Develop a Winning Talent Management Strategy
It's no secret that the best-coached professional sports teams sometimes beat more-talented rivals. Outcomes are similar in business.
While the corporate world lacks formal awards like the Lombardi Trophy or Stanley Cup, managers are rewarded based on their ability to put each team member in position to succeed. In fact, managers cannot advance their own careers without becoming skilled in the art of talent management.
"Top executives will naturally look to the manager as the primary reason for success," says Brian Margarita, CEO of IT staffing firm TalentFuse.
So how do you get the most out of your team? Develop a winning talent management strategy with these tips:
Identify Different Talent Types in Your Organization
"A good manager will surround him or herself with employees whose talents complement those of the manager and each other," says Carol E. Gilson, vice president of human resources and client services for EMPO, a professional employers organization. "In a team environment, there is synergy whereby the sum of the talents of the group surpasses what each person could accomplish individually."
Margarita recommends assessing workers' individual abilities to provide a snapshot of the team's potential as a whole. This picture helps you determine each person's optimal role as well as where talent gaps lie. "The most talented quarterback can't win games without someone talented to throw to."
Determine What Motivates Each Team Member
A key step in building a well-balanced team is to find out what drives each person, says George Mantor, CEO of The Associates Financial Group.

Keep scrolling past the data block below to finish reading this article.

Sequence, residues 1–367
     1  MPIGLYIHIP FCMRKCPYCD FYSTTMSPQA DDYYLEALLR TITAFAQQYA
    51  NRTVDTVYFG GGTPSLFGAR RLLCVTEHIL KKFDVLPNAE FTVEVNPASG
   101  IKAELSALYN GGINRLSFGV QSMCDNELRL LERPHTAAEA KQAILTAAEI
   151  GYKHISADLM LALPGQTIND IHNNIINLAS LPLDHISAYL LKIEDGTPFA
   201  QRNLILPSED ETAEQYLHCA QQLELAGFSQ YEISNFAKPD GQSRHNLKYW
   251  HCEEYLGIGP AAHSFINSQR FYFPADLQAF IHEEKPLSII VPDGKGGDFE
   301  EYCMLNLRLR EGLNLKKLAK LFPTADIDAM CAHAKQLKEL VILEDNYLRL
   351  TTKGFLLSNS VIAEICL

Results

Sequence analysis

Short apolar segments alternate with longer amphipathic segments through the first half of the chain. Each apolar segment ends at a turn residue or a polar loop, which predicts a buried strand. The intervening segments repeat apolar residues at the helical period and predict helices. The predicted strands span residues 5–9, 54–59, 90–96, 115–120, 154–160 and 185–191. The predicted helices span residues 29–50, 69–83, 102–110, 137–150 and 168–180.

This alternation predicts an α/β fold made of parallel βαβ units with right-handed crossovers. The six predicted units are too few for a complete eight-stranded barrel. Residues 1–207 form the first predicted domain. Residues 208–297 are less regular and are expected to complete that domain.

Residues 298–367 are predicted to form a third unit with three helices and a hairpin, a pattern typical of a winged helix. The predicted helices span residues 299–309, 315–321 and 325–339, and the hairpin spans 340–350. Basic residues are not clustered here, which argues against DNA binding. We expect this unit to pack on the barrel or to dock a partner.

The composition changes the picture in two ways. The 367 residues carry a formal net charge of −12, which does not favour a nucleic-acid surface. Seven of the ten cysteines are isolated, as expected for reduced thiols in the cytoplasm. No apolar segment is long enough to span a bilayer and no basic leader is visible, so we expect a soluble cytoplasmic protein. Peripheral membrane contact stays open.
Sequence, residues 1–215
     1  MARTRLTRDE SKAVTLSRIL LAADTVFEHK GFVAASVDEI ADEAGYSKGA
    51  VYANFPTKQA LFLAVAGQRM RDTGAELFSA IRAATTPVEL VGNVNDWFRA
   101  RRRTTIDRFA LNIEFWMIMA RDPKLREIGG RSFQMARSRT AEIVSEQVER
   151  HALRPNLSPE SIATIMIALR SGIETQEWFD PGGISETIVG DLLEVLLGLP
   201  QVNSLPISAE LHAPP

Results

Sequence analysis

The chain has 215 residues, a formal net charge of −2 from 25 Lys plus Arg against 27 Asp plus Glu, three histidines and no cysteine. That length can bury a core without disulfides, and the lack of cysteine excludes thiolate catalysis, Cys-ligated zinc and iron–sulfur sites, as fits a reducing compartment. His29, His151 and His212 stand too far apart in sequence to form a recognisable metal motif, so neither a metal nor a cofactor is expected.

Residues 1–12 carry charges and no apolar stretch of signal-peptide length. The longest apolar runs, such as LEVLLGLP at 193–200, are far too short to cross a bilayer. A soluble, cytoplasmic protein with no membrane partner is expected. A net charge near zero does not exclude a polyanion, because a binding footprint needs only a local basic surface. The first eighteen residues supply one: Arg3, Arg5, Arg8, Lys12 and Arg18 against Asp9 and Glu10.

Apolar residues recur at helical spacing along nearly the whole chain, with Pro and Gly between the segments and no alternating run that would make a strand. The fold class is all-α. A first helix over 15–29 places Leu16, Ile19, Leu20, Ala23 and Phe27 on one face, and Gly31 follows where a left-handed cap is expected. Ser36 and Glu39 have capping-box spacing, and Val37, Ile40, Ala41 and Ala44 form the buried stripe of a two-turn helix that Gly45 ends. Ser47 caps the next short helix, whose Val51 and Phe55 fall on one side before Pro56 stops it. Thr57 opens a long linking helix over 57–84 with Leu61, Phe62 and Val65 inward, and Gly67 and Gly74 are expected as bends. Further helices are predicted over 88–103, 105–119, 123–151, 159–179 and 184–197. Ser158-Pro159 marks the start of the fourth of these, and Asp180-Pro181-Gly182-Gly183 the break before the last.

"Talent thrives on challenge and withers and dies when forced to endure routine, meaningless or boring tasks," Mantor says. "Talent wants to compete against the very best. Talent wants multiple ways to express itself, to test itself and to grow."
Developing potential stars also involves identifying their strengths and weaknesses. "What a manager needs to do is to identify each employee's strengths and talents as well as areas in which he or she is in need of development," Gilson says. "Once specific talents are identified, an effective manager will utilize an employee's strengths by giving him or her opportunities to work on projects which optimize those strengths."
Gilson says this identification of talents will benefit the employee, who will be more satisfied at work; the manager, who can increase productivity by assigning tasks to the properly skilled workers; and the company as a whole, which gains a workforce that's both happier and more productive.
Look beyond current job titles to figure out which tasks workers love or hate. "Get clear about who does what best or worst, who is most passionate about which type of work, and who dislikes which aspects of the work," says Sharon Jordan-Evans, author of Love ‘Em or Lose ‘Em: Getting Good People to Stay. "If you're fuzzy about your talent and their skills and preferences, you risk losing them, either physically -- they quit -- or psychologically -- they quit and stay.